Resting Your Case in an Oregon Injury Trial

We continue our series on the anatomy of civil personal injury trial in Oregon.

“Resting your case” means that you have submitted all of the evidence you feel is necessary to prove all of the elements of your claim. In a civil personal injury claim in Oregon, there are three basic elements to a negligence claim: 1. Fault; 2. Damages; 3. “Causation” (which is the connection between the fault and the damages elements).  When an attorney “rests,” he must be sure that all elements of the claim or proven. Otherwise, the opposing attorney can ask the court to direct a verdict against the plaintiff, which essentially dismisses the case. Let’s take a closer look at how an attorney would prove the elements of a civil personal injury case in Oregon.

Fault

This part of the case involves proving responsibility. In an auto collision injury claim, both fact an expert witnesses may be used to establish responsibility. Often times, accident scene photographs, measurements, and other demonstrative aids will help the jury consider evidence of who caused the collision. In some cases, actual physical evidence, like skid marks, road gouges, or damaged vehicles may come into play.

Damages

In most cases, an expert opinion is required to establish damages. For example, in most cases, a plaintiff must have an expert opinion to show that he suffered a certain injury as a result of the collision. A plaintiff also must have an expert opinion to show that the medical care he underwent was both related to the collision, and necessary to treat the injuries from the collision. Finally, a medical expert is required to prove that the amount charged for the medical care was “reasonable.”

Another element of proving damages involves “non-economic” damages, which represent compensation for the loss of health as a result of the injuries. Often times, whether the injury will cause permanent impairment is a significant issue, and in order to establish permanent impairment, a plaintiff must provide a medical opinion that his or her injuries caused some form of permanent impairment.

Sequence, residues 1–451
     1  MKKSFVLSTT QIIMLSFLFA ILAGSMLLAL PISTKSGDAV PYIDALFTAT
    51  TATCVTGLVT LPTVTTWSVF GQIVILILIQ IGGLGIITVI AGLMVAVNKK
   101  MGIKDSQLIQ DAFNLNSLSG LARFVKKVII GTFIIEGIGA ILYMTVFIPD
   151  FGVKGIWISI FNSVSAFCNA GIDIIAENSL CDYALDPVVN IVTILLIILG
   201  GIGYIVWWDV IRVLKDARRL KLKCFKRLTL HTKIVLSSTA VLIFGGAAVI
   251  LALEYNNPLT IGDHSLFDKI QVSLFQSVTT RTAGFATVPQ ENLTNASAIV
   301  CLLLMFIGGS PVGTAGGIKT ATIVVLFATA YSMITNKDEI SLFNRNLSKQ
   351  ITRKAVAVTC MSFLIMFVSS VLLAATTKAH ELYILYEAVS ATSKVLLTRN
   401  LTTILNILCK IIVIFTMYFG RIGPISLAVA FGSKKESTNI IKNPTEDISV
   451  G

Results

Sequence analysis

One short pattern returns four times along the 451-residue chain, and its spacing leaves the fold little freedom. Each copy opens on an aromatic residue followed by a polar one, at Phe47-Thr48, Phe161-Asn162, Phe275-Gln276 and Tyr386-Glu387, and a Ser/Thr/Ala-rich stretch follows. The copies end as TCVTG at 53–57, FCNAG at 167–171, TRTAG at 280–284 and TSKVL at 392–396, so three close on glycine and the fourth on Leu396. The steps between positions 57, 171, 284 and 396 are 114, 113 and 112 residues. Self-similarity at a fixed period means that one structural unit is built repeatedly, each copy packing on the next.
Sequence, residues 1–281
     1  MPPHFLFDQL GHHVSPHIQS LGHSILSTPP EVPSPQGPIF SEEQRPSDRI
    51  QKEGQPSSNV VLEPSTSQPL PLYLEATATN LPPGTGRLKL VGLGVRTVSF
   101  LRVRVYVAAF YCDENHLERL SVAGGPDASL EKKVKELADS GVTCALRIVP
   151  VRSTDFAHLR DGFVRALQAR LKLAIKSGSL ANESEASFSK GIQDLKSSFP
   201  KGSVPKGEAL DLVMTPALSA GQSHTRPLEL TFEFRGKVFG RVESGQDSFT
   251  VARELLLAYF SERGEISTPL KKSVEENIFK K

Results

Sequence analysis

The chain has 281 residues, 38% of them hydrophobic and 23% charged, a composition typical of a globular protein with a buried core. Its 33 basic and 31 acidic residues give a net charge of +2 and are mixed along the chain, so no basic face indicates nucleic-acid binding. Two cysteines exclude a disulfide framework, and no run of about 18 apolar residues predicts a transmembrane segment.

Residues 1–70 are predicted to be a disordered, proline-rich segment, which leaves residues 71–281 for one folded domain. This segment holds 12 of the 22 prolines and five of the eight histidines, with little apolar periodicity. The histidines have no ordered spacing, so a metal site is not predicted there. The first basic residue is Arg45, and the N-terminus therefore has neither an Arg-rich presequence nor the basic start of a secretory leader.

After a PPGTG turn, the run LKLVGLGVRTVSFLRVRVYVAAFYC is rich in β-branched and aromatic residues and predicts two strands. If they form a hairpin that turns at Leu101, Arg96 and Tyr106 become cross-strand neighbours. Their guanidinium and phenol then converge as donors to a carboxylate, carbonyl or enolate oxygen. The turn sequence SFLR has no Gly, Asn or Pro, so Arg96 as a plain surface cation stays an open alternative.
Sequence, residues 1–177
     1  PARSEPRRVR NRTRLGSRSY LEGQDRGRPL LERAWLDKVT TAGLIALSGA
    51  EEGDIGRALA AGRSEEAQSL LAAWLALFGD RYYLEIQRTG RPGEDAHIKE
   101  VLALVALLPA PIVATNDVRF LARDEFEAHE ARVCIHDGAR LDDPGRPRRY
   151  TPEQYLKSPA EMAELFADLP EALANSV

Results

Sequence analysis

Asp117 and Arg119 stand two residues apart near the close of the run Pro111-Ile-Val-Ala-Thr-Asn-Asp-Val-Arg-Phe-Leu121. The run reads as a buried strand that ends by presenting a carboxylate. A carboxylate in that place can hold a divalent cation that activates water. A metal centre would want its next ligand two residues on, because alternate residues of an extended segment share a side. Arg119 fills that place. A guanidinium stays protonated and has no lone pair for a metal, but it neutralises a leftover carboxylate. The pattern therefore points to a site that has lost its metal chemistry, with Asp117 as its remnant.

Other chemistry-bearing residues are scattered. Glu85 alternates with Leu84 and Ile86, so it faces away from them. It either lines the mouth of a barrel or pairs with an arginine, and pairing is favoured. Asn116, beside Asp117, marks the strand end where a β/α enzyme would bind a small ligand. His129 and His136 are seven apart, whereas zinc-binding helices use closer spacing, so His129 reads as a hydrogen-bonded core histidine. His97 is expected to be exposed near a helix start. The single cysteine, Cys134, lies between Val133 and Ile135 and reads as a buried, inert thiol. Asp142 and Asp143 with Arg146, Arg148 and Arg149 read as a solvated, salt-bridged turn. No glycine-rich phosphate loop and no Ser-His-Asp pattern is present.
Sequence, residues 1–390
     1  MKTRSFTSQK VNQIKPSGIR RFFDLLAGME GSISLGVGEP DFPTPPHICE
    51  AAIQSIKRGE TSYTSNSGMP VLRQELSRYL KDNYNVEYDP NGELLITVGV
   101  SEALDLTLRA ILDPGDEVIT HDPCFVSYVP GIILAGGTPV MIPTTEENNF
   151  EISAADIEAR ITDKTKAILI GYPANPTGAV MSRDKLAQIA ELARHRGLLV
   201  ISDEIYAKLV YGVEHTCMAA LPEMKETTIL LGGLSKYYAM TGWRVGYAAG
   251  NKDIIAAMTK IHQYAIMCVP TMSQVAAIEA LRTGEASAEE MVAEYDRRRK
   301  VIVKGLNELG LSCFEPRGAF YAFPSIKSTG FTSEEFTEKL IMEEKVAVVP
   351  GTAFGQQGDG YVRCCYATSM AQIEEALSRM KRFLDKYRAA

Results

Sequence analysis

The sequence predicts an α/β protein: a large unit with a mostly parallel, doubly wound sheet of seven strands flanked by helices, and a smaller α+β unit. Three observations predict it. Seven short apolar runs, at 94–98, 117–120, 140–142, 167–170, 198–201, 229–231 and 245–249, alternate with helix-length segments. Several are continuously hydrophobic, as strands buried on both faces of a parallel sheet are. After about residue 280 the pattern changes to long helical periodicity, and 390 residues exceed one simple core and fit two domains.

Other kinds of damage can be proven with a lay person opinion. For example, a plaintiff could prove the amount of income she was earning at the time of the collision by simply testifying to the jury about her earnings. Although this is “good enough” to allow a jury to consider a lost wage claim, it is a better practice to provide supporting documents, like wage earning records, and even tax returns. Also, if an injured plaintiff is making a claim that her injuries will cause a future loss of income, the medical cause of the inability to perform future work requires an expert opinion, and the calculation of the amount of the future loss may also require an expert economist to testify.

Causation

This is often the most overlooked element of an Oregon auto injury claim. In some cases, it is obvious that a significant auto collision caused an injury. However, when it comes to proving the nature and extent of the injury, and how much it will interfere with a plaintiff’s life in the future, expert opinions are critical. Many times, an insurance defense attorney will contact a medical expert known to testify in a certain way to support an argument that a plaintiff does not have permanent injury. A plaintiff must be ready to establish that the injury she claimed developed as a result of the collision, and whether not there is injuries are permanent.

Once a plaintiff sufficiently proves all of these elements, her attorney can “rest the case.”

If you have an injury claim in Oregon or Washington, and have questions about whether your case will go to trial, call us at 503-325-8600. We handle injury cases every day, and can give you an idea of all potential scenarios.